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McMurtry ‘studied’ by Second Street Live! crowd

story and photos by Michael Tilley
mtilley@thecitywire.com

Around 200 gathered Saturday night (Nov. 17) at Second Street Live! in downtown Fort Smith to hear and watch James McMurtry rock through his classic songs and try out new material expected to be on his next album.

McMurtry is the son of famous novelist Larry McMurtry. Novelist Stephen King said McMurtry “may be the truest, fiercest songwriter of his generation. John Mellencamp, who produced McMurtry’s first album in 1989, said McMurtry “writes like he’s lived a lifetime.” (Link here for more about McMurtry.)

The audience remained seated for the first songs of the set. McMurtry, accustomed to playing in bars, encouraged audience members to get up and dance.

“Kind of feels like we’re being studied at this point,” McMurtry told the audience watching the show from orderly rows of chairs.

Later in the show, he noted that many in the audience may be Baptists, but he needed them to “be a Methodist.” With that, he launched into the popular and up-tempo “Chocktaw Bingo,” which McMurtry prefaced by saying was a song for members of the First United Crystal Methodist church. On his Live in Aught-Three album, McMurtry said the song is about the “north Texas, southern Oklahoma crystal methamphetamine industry.”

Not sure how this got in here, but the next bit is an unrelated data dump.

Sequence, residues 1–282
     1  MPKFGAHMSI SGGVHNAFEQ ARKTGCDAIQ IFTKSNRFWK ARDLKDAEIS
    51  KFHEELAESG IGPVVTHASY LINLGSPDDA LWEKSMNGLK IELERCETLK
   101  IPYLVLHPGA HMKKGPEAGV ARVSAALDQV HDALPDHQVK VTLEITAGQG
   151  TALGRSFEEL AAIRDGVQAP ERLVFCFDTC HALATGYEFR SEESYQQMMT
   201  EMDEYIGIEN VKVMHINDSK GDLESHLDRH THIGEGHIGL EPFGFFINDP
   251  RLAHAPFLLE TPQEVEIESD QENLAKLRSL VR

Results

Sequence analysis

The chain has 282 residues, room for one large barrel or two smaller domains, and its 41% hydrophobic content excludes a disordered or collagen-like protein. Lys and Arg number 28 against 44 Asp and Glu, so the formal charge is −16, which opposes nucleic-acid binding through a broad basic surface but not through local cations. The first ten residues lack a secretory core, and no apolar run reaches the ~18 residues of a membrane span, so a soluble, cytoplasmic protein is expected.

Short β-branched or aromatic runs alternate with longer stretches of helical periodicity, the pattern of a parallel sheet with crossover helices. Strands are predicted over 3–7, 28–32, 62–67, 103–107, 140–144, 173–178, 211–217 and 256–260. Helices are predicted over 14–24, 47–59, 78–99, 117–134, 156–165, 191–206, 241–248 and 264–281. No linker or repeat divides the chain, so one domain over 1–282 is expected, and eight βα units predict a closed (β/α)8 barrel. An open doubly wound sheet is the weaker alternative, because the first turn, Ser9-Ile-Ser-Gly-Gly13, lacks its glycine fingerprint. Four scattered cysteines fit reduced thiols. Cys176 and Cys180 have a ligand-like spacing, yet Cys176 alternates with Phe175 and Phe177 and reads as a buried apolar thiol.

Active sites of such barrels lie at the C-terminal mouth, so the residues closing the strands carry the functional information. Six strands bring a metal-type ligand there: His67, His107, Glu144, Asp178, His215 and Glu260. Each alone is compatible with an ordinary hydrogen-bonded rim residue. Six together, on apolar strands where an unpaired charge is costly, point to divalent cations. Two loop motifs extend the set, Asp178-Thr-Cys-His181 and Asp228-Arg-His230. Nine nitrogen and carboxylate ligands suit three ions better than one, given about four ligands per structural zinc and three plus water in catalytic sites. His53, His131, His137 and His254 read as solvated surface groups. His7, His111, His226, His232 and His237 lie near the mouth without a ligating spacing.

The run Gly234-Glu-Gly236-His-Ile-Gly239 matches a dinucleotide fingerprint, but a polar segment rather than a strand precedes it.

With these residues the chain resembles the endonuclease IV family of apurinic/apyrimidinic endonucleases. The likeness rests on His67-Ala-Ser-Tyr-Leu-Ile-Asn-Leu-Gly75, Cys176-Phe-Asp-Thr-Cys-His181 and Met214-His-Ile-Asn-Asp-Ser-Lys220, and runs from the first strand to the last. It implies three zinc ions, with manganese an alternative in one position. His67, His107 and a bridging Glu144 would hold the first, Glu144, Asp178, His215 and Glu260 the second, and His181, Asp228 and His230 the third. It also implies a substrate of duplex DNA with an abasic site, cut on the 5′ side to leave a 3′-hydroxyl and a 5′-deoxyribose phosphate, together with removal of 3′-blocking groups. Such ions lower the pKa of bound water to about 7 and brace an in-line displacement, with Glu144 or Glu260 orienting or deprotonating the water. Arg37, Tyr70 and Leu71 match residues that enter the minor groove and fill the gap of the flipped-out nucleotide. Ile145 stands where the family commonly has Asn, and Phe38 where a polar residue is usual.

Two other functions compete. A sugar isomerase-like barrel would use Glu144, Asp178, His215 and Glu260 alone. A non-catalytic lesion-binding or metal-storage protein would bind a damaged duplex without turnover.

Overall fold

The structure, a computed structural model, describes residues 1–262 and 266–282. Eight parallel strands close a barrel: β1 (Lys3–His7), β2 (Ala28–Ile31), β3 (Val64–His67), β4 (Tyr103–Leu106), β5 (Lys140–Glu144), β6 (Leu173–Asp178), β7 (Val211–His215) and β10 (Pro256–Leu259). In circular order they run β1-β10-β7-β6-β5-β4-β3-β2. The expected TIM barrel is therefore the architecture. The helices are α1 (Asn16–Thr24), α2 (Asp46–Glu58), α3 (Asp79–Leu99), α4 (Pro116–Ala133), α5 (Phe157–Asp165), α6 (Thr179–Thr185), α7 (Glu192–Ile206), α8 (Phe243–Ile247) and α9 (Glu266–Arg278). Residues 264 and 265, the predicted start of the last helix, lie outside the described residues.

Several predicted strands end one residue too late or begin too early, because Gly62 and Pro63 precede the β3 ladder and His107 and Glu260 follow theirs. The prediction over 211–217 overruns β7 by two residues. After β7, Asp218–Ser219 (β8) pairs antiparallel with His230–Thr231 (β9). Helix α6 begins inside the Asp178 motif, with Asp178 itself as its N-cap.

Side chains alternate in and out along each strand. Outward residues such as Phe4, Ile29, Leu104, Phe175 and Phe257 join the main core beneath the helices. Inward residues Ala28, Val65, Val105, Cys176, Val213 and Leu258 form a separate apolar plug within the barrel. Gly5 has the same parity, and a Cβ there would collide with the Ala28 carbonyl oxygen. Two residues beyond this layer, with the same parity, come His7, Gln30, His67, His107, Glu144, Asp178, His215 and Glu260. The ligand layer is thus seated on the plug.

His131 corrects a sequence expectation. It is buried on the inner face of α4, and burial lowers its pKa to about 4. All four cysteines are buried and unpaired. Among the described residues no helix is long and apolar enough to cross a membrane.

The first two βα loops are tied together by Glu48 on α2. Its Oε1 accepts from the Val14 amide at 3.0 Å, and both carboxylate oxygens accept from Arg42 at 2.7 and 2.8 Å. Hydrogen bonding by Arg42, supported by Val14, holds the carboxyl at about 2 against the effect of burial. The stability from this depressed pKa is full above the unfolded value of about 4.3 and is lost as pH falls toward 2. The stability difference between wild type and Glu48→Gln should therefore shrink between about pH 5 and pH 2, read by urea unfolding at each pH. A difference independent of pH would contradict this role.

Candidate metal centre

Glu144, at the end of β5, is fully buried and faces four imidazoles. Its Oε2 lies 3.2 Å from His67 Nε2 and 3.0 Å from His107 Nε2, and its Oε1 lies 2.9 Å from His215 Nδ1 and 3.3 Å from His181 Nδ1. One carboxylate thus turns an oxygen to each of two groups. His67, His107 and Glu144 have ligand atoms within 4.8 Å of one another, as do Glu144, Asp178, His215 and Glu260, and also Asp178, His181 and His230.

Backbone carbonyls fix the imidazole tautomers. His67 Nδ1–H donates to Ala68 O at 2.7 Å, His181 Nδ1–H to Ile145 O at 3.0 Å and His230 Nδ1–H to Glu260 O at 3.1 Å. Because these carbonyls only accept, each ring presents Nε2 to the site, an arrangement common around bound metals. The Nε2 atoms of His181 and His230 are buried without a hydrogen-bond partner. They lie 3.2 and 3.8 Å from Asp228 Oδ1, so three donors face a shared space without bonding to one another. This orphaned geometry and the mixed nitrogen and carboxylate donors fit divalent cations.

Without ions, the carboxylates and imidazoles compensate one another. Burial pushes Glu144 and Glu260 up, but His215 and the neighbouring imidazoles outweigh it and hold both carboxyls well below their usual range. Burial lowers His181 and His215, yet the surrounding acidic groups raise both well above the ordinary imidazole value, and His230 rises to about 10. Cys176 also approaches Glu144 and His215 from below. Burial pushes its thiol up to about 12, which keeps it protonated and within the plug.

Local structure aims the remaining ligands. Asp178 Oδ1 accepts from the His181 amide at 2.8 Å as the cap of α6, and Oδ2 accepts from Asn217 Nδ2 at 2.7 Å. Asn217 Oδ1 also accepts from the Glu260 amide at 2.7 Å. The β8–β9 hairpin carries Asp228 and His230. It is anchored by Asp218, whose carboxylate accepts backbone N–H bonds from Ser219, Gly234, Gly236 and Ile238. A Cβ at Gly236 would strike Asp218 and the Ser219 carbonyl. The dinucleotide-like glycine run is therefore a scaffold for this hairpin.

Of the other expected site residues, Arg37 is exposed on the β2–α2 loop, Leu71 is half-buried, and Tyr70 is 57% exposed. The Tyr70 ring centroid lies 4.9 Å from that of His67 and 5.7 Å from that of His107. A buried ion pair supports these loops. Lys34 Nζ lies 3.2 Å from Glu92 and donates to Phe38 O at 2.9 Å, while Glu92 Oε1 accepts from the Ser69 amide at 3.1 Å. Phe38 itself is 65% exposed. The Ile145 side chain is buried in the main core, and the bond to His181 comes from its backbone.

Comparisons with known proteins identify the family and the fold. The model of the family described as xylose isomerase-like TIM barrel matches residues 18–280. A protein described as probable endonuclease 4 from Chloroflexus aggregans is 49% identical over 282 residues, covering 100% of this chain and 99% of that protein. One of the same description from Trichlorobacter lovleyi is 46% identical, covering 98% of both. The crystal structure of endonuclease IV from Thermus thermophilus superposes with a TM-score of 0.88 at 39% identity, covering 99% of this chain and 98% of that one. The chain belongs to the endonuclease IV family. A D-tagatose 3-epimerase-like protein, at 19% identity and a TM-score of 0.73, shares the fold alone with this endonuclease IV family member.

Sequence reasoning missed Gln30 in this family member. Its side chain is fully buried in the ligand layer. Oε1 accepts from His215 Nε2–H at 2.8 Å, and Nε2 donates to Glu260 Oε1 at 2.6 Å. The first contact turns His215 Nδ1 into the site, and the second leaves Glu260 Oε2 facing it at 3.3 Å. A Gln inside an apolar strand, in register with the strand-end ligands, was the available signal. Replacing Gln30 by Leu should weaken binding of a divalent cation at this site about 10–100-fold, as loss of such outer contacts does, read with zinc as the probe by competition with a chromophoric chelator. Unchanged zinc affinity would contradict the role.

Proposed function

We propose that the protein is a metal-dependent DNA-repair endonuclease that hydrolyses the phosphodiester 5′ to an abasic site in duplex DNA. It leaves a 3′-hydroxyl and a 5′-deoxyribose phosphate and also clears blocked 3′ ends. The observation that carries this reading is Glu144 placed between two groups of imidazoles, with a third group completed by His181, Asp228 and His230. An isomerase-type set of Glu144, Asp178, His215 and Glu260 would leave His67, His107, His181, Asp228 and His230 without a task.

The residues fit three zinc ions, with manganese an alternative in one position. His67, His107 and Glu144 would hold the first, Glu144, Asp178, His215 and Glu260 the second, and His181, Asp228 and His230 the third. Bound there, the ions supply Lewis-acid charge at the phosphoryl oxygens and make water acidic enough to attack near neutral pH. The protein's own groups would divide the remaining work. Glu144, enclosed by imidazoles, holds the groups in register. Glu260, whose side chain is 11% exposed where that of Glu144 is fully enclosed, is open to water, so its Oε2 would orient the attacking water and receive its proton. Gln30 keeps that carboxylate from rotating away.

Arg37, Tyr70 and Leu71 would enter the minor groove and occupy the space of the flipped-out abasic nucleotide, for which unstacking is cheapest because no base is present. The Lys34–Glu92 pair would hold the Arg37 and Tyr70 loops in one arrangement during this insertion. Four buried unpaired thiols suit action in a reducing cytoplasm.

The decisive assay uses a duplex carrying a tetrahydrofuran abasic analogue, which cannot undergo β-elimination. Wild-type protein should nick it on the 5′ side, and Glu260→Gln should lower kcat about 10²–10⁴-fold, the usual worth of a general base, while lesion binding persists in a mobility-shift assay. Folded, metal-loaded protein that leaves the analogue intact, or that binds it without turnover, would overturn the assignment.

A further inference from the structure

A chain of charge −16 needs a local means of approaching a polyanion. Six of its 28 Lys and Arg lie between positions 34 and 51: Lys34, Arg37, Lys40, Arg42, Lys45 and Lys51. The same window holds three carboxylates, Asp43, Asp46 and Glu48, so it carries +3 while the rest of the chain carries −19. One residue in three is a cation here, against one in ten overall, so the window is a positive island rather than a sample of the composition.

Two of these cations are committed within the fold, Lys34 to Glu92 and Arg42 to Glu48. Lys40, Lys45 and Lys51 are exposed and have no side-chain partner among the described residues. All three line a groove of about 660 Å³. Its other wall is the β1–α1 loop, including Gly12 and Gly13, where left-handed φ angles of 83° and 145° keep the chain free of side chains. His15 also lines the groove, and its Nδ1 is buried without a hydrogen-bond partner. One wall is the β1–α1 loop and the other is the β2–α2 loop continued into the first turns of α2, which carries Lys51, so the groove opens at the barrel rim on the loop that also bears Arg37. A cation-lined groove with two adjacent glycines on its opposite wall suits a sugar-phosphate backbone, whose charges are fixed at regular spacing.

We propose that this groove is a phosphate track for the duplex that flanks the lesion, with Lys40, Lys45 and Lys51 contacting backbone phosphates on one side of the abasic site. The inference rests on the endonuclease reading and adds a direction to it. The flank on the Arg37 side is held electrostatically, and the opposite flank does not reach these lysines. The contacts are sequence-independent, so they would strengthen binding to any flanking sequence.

The set began at 7:30 p.m., and wrapped up around 9:30. McMurtry signed autographs on CDs and posters, and met with fans for about 30 minutes after the show.

He then retired to the Second Street Live! green room where he poured a glass of red wine and warmed up a half eaten plate of food from nearby Rolando’s restaurant.

“It’s pretty good back-stage fare,” McMurtry said when asked about the meal.

The show, because it was played in a large open room, was different than the shows they play in bars, McMurtry said.

“We had to play so much quieter,” he explained.

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Although wrapping up a show much earlier than normal, McMurtry said the band and crew would stay in Fort Smith.

“No, we don’t drive after the shows. Too many deer on the road,” McMurtry said.

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